Australian Innovation Research Centre

Media 2007

"Labour's innovation pledges amount to a trumped-up industry policy"

by Paul Kerin, Melbourne Business School

The Australian, 27 November 2007, page 32Leading innovation experts Professor Jonathan West and Professor Keith Smith note that in most countries "innovation is very concentrated - a few firms innovate and the rest copy".

"Business rising to challenge"

by Michael Stedman

The Sunday Tasmanian, 11 November 2007, page 9

A study by the Australian Innovation Research Centre (AIRC) at the University of Tasmania has found that Tasmanian businesses were embracing innovation, often without realising it. Researcher Kieran O'Brien from the AIRC said a number of businesses believed they were not innovating because they were not working in electronics, computing and technology. 

"Tasmanian Island of Innovation – small island BIG IDEA"

The Sunday Tasmanian, 16 September 2007, pages 4 - 5

You don't have to work harder or longer - just smarter. Tasmania's foremost thinker on innovation - Professor Jonathan West talks about what is innovation, innovation as a new focus and why innovation is so important for Australia. 

"Chile debe inveertir en educacion e infraestructura"

El Mercurio (Main newspaper), Chile, 17 August 2007

Professor Keith Smith presented a paper on "Innovation and Growth in Resource Based Economies" to the AgriBusiness Conference conducted by Fundacion Chile, in Santiago, Chile on 16 August 2007. Professor Smith also led a workshop on "Centres of Excellence and the Food Sector: Guidelines for a Chilean Strategy" for Fundacion Chile on 17 August.

"Survey sets out to map innovation in economy"

Tasmanian Business Reporter, August 2007

The Australian Innovation Research Centre in Hobart is conducting the state's first innovation census. The Census will collect data from all industries even where innovation activity is hard to map. 

"Commercialisation certificate is proving to be a winner"

Tasmanian Business Reporter, August 2007

A Post-Graduate program, the graduate certificate in commercialisation, is proving a winner with business in its first year of delivery. Associate Professor Jack English of the Australian Innovation Research Centre developed the program.

"Resource Riches are no curse"

by Adrian Rollins

The Australian Financial Review, 6 July 2007

The study prepared by University of Tasmanian leader in Innovation, Professor Keith Smith, found that resource-based economies were not invariably poor and on the contrary, comprised some of the richest and fastest growing countries in the world. 

"Strength in resources"

by Nassim Khadem

The Age, 4 July 2007, Business News, page 3

A paper by Keith Smith, University of Tasmania professor and co-founder of the Australian Innovation Research Centre in Hobart, said that several of the richest and fastest-growing economies such as Canada, Norway, Sweden, Finland, New Zealand and Australia had rested their development on their resources industries.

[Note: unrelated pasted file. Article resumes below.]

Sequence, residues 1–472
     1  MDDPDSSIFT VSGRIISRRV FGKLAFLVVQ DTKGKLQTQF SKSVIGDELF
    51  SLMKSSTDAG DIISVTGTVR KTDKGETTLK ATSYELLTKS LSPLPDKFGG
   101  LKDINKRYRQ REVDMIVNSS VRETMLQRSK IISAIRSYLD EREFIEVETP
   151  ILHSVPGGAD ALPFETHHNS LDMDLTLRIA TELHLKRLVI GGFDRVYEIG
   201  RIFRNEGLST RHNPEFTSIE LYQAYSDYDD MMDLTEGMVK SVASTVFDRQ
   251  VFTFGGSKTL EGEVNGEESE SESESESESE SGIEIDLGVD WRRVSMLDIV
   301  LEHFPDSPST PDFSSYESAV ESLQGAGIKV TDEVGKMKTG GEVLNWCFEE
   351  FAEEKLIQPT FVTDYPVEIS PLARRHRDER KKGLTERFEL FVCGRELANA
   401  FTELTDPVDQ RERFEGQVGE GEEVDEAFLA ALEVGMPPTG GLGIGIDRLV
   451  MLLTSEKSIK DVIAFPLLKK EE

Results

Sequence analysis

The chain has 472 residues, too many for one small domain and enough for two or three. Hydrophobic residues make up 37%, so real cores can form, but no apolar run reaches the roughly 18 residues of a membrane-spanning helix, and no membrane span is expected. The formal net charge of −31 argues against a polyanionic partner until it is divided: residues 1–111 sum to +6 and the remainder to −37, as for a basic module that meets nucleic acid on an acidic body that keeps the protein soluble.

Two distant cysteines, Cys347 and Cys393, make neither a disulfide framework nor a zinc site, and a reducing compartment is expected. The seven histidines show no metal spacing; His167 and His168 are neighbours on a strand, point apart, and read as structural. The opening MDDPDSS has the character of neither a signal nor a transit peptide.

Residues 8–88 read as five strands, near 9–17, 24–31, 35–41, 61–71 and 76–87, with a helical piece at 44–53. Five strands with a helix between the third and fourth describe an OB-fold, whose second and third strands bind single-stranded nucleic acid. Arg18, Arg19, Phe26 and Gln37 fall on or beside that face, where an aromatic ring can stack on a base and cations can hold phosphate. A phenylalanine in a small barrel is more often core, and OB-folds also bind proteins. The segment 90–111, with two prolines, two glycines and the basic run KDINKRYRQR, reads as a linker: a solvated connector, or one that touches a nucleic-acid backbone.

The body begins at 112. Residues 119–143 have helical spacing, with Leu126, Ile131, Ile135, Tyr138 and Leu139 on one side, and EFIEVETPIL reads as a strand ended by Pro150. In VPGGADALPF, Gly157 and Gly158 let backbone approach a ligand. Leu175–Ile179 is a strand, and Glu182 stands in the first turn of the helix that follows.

"At your service: spin-off's from the mining boom will secure our future"

by Jennifer Hewett, National Affairs correspondent

The Australian, Business News, 4 July 2007, page 40

Fears of over-reliance on resources ignore innovation and new service industries. A paper "Innovation and growth in resource-based economics" was released by the Committee for Economic Development of Australia (CEDA) and written by Professor Keith Smith, a leader in innovation at the University of Tasmania. 

“Innovation census to plot smarts"

The Mercury, 26 June 2007, page 13

The Australian Innovation Research Centre in Hobart is to conduct the state's first innovation census. The three-year project was announced by Premier Paul Lennon. The census will aim to cover all Tasmanian businesses with five or more employees. 

"No Fool to FASHION"

Winter Issue, Fast Thinking, pages 43-45

The NSW Government asked former Harvard Professor Jonathan West to review its innovation potential and to suggest ways in which it might improve the state's current position re innovative industries and how they might impact on the state's development. 

"Broaden student minds, unis told"

by Caroline Overington

The Australian, 16 May 2007, page 6

Professor Jonathan West speaking as part of a panel of vice-chancellors and education experts on Australia's educational culture at the Future Summit in Melbourne spoke of students in the US as often being encouraged to do something completely useless and extremely difficult. 

"How to turn your ideas into realities"

Tasmanian Business Reporter, March 2007

Tasmanian innovators will be able to access business advice and information on how to turn their ideas into commercial realities with the Ideas2Market program. Associate Professor Jack English from the Australian Innovation Research Centre at the University of Tasmania was pictured speaking at the launch. 

"Tassie's small players get help to grow"

by Linda Smith

The Mercury, 23 February 2007

Associate Professor Jack English knows that building a small business is not always easy. After running a number of successful business ventures, establishing various business courses and working on business advisory boards, he has found himself at the helm of a new venture to help small businesses in Tasmania grow. Jack English was pictured at the launch. 

"Graduate certificate in commercialisation"

Tasmanian Business Reporter, February 2007

Public and private sector leaders attended an information session at the Tasmanian Chamber of Commerce and Industry to outline the inaugural graduate certificate in commercialisation. The program's director Associate Professor Jack English from the Australian Innovation Research Centre was pictured at the information session.